Well, back to the driving for me.....

Wednesday, June 2, 2010

Rolling with the Punches

Good morning loyal followers! I know it has been quite some time since I have blogged but an early departure has allowed me to get a jump start to my day, affording me plenty of time to fill all of you in with what has transpired lately.

After much debate a major change to operations has taken place. The leaders of VORTEX2 have decided that earlier departures and briefings on the road would grant the project more time to reach distant targets that would otherwise be unreachable based on prior departure times. Basically, we are transitioning into a pseudo desperation mode with two weeks left to go! We have yet to accomplish some of our project goals including intercepting a vigorous tornado and we need to pursue every opportunity that Mother Natures serves up to us.

Intercepting tornadoes is no easy task as we still do not have a complete understanding of the environment that they form in. A perfect example is the Memorial Day tornado of this year that occurred in southeast Colorado. The setup was marginal and ultimately the final decision to position for the next day's weather event was made. An eventual tornado formed out of the marginal conditions and another missed opportunity was at our hands. Attention had been given to the Colorado target area in the morning briefings but the conditions were not favorable enough to justify heading south to Colorado. This just goes to show how rigorous our science is and how challenging point forecasting can be.

This transition that we are making now will indefinitely put more stress on all teams as the days will get longer and the nights shorter, especially when we start deploying our instruments. The nights will get even shorter as instruments will need repairs (hopefully not)!

Despite the increased level of stress, our team is remaining focused on collecting as much data as we can and representing Texas Tech University proudly. These are times where we all have to put pride and short tempers to the side and remain patient. It is very easy to let loose and lose your cool, but I must say our team has done a fine job keeping our composure. We pride ourselves on utilizing our resources efficiently in the field and know that by exercising patience, Mother Nature will surely reward us with some adequate data sets.

Stay tuned for more exciting news from VORTEX2 Land!

Tuesday, June 1, 2010

No one ever said this was easy.....

Hello out there in blogger land! The last week or so has been weird for the V2 team. And has proved just how much we still need to learn. And has shown just how difficult this project can be.

The federal government (and you as taxpayers!) have charged us with finding out everything we can about tornadoes, how and why they form. The problem is in the logistics. These days, with so many chasers, and the abundance of media, and cell phones, and cell internet, seeing a tornado is not as hard as it used to be. But making meaningful deployments of instruments to collect valuable data to understand tornadoes is incredibly difficult. Because V2 is so huge, we need a long lead time (~1 hour), and a good road network (we're trying to get 50 vehicles to sample a single storm) in order to carry out our objectives. And in the Plains, where the weather is volatile, this is a daunting task.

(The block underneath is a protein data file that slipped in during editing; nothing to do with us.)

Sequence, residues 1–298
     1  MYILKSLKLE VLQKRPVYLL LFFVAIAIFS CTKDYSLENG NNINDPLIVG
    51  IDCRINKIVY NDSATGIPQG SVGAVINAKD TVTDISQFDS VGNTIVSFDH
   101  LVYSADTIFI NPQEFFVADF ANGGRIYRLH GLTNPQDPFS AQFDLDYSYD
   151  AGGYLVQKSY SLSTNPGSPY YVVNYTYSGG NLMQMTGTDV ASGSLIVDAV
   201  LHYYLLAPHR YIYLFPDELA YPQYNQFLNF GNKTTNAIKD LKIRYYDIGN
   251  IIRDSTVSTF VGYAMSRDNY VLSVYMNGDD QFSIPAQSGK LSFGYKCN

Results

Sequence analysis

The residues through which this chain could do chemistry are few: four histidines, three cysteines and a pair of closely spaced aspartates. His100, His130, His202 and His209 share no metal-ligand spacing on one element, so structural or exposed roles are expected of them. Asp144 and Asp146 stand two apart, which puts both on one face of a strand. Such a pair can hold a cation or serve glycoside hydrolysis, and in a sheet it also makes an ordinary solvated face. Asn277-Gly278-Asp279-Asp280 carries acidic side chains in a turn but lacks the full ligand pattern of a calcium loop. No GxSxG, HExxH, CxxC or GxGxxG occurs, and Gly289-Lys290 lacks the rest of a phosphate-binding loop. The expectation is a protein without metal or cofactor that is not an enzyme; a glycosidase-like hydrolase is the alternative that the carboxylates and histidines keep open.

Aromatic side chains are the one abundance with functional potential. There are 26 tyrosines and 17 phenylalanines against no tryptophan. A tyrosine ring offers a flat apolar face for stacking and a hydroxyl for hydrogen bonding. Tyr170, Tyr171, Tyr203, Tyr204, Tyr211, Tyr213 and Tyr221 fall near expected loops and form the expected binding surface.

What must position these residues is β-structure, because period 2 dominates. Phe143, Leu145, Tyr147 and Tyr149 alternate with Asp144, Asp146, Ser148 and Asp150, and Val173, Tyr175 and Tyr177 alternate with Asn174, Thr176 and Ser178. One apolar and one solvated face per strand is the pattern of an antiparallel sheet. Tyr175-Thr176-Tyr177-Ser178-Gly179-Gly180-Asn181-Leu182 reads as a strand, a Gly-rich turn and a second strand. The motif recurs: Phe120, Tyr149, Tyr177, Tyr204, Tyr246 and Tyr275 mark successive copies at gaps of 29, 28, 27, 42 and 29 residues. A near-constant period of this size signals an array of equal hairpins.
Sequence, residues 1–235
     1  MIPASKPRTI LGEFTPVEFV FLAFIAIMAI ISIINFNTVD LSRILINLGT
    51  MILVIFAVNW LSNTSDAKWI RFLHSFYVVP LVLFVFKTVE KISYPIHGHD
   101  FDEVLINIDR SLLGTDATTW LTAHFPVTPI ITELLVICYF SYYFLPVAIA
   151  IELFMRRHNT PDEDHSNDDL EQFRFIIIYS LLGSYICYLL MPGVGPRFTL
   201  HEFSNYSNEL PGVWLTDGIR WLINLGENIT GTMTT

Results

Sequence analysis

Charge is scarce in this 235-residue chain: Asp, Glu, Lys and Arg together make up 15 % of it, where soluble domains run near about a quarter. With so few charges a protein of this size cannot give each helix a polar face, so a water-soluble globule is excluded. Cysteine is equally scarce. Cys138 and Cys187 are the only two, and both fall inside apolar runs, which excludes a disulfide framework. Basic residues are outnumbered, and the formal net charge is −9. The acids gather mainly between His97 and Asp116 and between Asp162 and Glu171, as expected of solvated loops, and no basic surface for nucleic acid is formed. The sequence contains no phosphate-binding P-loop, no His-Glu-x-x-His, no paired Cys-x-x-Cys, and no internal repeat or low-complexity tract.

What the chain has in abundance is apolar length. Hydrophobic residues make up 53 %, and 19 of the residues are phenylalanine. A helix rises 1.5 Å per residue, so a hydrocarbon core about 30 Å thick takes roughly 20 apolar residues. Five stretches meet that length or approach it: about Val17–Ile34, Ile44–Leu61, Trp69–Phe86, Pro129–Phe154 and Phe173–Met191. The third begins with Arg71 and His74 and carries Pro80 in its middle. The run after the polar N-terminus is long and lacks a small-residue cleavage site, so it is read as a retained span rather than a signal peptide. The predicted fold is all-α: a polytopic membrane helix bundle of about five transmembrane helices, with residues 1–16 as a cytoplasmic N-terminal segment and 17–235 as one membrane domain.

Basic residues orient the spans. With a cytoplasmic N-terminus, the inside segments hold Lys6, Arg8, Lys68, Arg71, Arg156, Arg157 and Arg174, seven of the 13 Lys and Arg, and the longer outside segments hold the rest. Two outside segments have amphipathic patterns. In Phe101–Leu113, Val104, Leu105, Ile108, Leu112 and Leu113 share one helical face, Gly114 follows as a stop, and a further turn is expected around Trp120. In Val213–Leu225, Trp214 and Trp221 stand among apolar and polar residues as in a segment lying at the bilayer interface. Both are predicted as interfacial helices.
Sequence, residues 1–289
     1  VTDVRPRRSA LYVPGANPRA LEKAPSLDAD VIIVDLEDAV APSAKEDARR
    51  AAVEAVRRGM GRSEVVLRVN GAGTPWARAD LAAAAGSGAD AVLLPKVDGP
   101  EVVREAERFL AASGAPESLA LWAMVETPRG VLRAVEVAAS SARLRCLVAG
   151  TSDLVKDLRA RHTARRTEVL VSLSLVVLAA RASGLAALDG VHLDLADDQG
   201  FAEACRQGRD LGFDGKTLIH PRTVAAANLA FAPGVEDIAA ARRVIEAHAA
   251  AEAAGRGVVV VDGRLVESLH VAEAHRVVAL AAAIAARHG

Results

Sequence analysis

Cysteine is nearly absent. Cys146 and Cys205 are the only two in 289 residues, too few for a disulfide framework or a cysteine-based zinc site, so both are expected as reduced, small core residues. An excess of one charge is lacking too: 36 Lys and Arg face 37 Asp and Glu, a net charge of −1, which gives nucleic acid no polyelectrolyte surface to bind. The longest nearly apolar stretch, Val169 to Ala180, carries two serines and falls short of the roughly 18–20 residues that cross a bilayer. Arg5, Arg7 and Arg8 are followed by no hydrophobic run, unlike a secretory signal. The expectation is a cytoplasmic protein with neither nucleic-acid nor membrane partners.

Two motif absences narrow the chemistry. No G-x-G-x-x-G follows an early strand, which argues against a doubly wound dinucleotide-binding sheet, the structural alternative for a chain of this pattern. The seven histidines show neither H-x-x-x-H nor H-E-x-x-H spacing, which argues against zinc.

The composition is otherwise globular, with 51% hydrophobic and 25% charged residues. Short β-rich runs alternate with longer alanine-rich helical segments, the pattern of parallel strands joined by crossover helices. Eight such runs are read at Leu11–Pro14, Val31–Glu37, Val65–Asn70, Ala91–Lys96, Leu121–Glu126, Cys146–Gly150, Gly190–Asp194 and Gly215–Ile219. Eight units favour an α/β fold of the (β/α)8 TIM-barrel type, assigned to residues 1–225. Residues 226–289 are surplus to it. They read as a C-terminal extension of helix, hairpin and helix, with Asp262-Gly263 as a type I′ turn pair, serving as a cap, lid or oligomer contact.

We've been at this for 31 days, and have collected a few great datasets. But we've also collected a bunch of mediocre ones as well, where storms were dissipating as they crossed the instruments, or made an unexpected turn, or didn't make the turn we thought they would, and just skirted the edge of the arrays. There's also the cases where the storms were really good (when I say good, a non-meteorologist would say bad), but moving so quickly and were so violent that we could not get a full array of instruments in position without sacrificing our own safety.

And at some point, we all reach a breaking point, just physically and mentally exhausted. 31 days of sharing hotels, driving late at night, staying up to fix instruments, eating fast food or missing lunch or dinner altogether, visiting the laundromat in our "free" time. On a few rare occasions, the project leaders have decided to give us a down day, to let us all regroup, and remedy any instrument issues. We have missed a few events because of this, but I think they were keeping our well-being in mind. We can't always drive 5 hours to operate, operate for 5 hours, then drive another 6 to get back in position for the next day. We can do it occasionally, but not multiple days in a row, we just run out of awake and alert people to drive. Missing events leads to some frustrated people. But then again, 4 hours of sleep 4 days in a row also leads to some grumpy people, so there's always a trade-off! After no real operations for the last several days, I am hopeful that we're all rested and prepared for these last 2 weeks. With only 2 weeks left, I think the crews are ready to just push through til the end.

Here's hoping that yesterday's decision to forego operations to give us a better chance (position) for today will work out for one ever said this was easy. If it was easy, everyone would do it.

Monday, May 31, 2010